Morag Myerscough on her most prized possession

For the British artist, no mere object can match the significance of one special Westie

morag myerscough
Gareth Gardner

I got Elvis in the spring of 2018, when he was a few months old. My old dog, Fraser, had died the Christmas before, and I think sometimes you need a year in between.

I’m addicted to Westies. They’re really alert and interested in what’s going on – if they could help you, they would. Elvis often looks at me like, ‘Really? You’re doing it that way?’ He likes having a job, too. The bell never worked in our old house, but he’d always sense if someone was arriving and he’d get you to open the door. He comes up really gently and nudges your leg with his nose until you have to take notice of him, though it’s usually because he wants to go for a walk, or because his bowl’s empty. He’s definitely got the measure of me and my partner Luke [Morgan]. He’s trained us well.

We recently moved from Hoxton to an eco home in Woldingham. When the removal men were in the house, he just sat on his cushion and let them all move around him and give him the odd pat. I’ve always felt that I wanted to have this space where he could just roam around and do what he wanted. Now, he can have much more of the life I think he should have, and I don’t feel so guilty.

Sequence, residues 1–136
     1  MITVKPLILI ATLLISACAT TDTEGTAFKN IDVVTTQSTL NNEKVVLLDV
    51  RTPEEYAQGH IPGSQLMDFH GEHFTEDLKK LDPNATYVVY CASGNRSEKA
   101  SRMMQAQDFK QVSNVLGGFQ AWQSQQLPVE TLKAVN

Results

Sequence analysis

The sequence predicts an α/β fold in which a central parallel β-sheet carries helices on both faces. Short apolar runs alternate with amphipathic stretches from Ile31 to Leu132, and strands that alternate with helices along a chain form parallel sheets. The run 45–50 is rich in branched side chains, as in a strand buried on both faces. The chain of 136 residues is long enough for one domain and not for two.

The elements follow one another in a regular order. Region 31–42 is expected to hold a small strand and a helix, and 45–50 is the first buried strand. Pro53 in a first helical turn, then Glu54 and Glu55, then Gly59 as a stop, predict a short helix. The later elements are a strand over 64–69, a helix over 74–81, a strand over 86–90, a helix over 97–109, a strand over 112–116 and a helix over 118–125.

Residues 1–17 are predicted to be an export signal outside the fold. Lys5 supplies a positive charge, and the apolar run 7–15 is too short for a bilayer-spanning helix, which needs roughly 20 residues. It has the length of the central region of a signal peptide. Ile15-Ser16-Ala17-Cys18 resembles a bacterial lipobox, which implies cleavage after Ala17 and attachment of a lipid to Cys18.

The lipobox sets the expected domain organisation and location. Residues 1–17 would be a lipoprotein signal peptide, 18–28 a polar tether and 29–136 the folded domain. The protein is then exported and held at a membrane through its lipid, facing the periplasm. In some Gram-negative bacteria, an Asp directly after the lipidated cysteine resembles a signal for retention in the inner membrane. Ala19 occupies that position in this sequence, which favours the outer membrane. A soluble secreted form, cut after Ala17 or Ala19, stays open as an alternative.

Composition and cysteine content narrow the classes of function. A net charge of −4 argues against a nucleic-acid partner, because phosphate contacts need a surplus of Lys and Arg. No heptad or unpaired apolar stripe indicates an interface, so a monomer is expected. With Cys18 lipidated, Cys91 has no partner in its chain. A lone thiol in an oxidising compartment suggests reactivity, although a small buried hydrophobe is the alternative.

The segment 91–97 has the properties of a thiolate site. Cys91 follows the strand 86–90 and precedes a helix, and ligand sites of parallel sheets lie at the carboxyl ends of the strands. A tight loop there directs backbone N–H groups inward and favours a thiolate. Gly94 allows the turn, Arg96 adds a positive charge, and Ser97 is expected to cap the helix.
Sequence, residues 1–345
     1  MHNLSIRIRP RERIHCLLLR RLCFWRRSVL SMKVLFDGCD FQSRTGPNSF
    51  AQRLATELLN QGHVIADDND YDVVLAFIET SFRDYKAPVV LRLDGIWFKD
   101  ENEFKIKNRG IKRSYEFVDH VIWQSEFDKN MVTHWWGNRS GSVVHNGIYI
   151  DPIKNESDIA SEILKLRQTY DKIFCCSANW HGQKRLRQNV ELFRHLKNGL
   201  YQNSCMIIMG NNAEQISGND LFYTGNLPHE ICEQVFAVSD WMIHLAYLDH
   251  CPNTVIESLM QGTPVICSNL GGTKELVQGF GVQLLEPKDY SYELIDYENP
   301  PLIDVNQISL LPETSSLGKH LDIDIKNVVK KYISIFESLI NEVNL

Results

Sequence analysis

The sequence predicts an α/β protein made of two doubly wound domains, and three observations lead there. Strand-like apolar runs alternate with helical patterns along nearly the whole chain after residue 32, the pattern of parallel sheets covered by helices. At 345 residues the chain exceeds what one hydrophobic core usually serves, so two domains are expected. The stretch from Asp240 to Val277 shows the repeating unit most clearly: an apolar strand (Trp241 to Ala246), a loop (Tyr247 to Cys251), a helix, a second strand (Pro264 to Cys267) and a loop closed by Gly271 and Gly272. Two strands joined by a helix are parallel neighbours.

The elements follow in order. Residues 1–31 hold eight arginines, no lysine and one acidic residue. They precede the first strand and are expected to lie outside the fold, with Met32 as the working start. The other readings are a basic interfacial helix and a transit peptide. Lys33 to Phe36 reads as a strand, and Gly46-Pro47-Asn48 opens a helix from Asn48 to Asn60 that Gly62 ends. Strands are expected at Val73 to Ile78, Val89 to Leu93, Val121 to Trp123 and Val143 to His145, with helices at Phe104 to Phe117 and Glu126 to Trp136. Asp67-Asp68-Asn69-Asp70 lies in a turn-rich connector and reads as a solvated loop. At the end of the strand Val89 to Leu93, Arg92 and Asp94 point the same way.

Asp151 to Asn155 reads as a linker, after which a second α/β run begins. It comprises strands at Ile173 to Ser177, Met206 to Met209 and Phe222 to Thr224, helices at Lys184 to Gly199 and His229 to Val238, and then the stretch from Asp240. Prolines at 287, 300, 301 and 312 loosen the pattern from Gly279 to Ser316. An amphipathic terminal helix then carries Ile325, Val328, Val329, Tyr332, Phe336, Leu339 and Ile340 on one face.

Even if you have other people around you, there’s a certain relationship that a person has with their dog. He sleeps under the table while I’m working and comes out with me when I’m in the garden. If I fall asleep watching telly, which is most nights, he’ll lie down on the floor in the same position. He’s a gorgeous dog and a continual companion. I love him dearly.

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